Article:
Originally Posted by Tofino
i hope you're right. i'm guessing however that microsoft will make sure that their implementation of ms office/exchange/etc. support on winmo7 is going to be better than what competitors will have access to. they will find a way to leverage their office/IT lock-in somehow. that's really all that's left now, isn't it?
it'll be interesting to see how they will try to catch their IT users while at the same time appeal to the consumer market. if the kin is any indication, it's going to be hilarious!
i'm just saying - don't count them out yet. maybe somebody is going to get a grip in redmond and actually do it right. not that i'm holding my breath...
I posted to another thread (Balmer to speak at WWDC), that MS and Apple need each other.
MS needs time to get its mobile OS act together, and installed on significant (number and quality) devices to retain the IT market (that, according to what I read, is eroding quickly).
The way things are moving, I suspect that this needs to be done by the end of 2011. MS needs to build the OS, get mfgrs to build devices that support the OS, and then sell those 30 million devices.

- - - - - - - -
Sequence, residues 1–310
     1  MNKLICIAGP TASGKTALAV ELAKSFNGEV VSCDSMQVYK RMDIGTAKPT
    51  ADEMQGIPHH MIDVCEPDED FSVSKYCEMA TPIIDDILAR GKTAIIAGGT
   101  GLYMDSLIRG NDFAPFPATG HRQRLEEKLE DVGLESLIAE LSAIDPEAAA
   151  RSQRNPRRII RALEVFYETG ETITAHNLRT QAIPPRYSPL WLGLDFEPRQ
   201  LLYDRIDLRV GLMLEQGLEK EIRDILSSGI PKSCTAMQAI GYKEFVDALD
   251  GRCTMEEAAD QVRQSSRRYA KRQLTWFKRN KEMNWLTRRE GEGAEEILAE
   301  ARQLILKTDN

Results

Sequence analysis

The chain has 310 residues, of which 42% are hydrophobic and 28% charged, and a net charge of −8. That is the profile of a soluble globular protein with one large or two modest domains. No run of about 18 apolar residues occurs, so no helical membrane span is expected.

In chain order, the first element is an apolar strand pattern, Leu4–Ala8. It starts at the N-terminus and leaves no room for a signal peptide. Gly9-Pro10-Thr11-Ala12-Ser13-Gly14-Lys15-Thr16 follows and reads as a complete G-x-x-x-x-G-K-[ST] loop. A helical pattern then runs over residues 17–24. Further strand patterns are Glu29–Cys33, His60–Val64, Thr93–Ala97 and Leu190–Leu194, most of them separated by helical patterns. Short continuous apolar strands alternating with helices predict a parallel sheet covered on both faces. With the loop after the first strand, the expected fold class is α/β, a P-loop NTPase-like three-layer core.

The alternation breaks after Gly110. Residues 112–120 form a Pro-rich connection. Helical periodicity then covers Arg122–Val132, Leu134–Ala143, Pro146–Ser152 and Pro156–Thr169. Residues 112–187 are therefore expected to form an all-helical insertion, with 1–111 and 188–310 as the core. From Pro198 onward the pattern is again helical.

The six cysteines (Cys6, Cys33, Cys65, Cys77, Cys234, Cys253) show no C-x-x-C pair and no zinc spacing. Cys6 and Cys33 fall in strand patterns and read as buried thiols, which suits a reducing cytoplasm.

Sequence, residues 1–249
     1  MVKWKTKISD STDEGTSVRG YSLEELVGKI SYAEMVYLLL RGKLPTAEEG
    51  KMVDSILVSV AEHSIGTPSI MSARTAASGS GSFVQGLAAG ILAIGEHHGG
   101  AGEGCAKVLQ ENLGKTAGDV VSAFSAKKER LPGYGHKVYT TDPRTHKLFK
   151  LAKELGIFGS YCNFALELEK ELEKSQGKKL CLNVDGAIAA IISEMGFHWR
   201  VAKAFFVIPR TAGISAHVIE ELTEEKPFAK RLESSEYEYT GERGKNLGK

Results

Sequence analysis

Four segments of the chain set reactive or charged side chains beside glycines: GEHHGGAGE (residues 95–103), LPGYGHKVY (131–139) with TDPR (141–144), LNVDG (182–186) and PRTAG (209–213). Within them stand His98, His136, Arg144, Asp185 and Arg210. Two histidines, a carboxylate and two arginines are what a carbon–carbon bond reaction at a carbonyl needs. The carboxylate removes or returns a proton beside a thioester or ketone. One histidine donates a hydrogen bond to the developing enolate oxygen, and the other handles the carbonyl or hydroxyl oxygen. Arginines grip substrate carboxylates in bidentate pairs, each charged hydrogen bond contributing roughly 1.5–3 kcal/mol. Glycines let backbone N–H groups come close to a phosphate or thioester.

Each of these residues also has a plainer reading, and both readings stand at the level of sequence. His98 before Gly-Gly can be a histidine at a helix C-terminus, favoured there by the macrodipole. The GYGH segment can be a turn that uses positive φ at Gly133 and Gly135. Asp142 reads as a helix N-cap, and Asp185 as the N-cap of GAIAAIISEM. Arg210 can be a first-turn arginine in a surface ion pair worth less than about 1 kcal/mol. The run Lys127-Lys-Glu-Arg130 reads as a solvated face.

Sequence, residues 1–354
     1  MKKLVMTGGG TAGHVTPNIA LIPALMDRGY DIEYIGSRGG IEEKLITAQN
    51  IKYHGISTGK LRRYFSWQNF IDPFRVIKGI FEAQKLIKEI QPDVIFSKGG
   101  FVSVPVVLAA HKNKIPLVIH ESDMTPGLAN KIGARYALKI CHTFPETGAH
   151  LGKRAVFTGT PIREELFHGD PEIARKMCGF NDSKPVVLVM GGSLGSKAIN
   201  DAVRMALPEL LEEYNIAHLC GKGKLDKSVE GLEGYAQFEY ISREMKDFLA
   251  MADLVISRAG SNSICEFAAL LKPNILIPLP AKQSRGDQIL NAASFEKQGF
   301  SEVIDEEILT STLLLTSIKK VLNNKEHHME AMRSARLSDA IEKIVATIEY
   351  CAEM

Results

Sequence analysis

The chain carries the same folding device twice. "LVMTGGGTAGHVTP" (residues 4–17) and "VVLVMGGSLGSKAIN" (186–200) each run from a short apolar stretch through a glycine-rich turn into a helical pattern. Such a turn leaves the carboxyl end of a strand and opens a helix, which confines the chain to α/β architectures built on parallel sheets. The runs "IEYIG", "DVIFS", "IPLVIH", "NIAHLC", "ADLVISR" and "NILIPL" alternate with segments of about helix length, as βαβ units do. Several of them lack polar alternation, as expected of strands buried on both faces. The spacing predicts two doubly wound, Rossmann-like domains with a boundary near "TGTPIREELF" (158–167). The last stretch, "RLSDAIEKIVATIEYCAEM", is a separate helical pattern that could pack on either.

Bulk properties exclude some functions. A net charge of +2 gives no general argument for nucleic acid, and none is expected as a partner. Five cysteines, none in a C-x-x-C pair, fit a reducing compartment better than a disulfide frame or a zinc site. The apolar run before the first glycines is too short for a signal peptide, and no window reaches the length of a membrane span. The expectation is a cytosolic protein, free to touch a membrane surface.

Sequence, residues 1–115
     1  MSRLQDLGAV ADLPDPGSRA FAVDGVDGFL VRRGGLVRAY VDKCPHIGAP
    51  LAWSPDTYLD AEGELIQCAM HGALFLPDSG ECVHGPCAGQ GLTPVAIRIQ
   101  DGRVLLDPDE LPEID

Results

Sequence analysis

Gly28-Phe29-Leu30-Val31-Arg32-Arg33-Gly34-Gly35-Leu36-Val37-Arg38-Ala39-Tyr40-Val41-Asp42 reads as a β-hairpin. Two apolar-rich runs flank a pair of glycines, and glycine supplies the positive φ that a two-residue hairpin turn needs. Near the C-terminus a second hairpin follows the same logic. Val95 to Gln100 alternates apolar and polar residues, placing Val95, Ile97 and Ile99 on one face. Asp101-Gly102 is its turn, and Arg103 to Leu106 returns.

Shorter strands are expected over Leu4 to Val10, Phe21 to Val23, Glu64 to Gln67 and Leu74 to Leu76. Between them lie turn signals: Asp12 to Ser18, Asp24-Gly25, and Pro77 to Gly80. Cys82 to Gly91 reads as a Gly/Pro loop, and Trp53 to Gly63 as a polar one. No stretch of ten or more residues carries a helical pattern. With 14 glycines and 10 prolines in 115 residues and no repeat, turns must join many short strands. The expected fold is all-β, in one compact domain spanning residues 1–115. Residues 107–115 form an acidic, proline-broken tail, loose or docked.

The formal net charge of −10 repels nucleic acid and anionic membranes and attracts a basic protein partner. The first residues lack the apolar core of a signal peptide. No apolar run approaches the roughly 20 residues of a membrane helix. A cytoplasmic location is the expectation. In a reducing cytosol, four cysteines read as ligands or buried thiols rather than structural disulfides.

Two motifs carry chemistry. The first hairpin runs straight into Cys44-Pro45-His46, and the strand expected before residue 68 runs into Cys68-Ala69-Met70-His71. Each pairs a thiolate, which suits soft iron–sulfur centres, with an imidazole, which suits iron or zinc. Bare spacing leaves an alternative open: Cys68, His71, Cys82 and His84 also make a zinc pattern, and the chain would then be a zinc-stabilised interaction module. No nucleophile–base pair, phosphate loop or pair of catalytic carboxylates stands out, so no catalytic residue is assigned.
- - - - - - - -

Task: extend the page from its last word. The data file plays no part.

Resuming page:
If they fail, likely they will exit the mobile phone/tablet market.
... a pretty big risk!
What I suggested, was that there might be a better approach.
MS could support development for the Mobile OS X platform, by enhancing its tools (as others, have posted).
By doing, this:
-- MS can develop apps, and desktop/cloud app tie-ins, for a single platform.
-- IT MS developers can focus on a single platform
-- MS would not lose business to their enemy, google, but rather, to their frenemy Apple.
-- MS would have an immediate app presence on 3 hot devices iPhone, iPod Touch and the iPad
-- MS could make $ on these devices, here and now-- not some nebulous future date (that may never arrive)
Sure, it would lose the mobile OS revenue,
But it would have mobile app revenue, the desktop/cloud tie-in revenue, and the developer/tools revenue.
It would learn to develop apps for the best UI/UEX/OS/devices out there.
It would tend to occupy IT developers and prevent them from developing Android apps, thwarting Google.
This would reduce the pressure (30 mill by 2012, or bust).
MS could focus on developing a front-runner OS for circa 2012 mobile devices!
If successful, MS and IT developers have an easy port of their apps to the new MS mobile OS.
But, say, that new MS OS never materializes. MS (and IT) have their apps (and the desktop/cloud tie-ins) running on the best mobile devices out there... and taking money to the bank.
It's kinda' like selling Office for the Mac OS platform-- Why not the same for the Mobile OS X platform.
MS has never, really, made money selling hardware (and likely wouldn't with smart mobile devices). The make their $ on OS and Office.
I doubt MS could make much on its mobile OS, given Android is free, and Mobile OS X, RIM OS, Nokia OS, Palm OS, etc., are free with the device.
Wouldn't half a pie be better than no pie at all?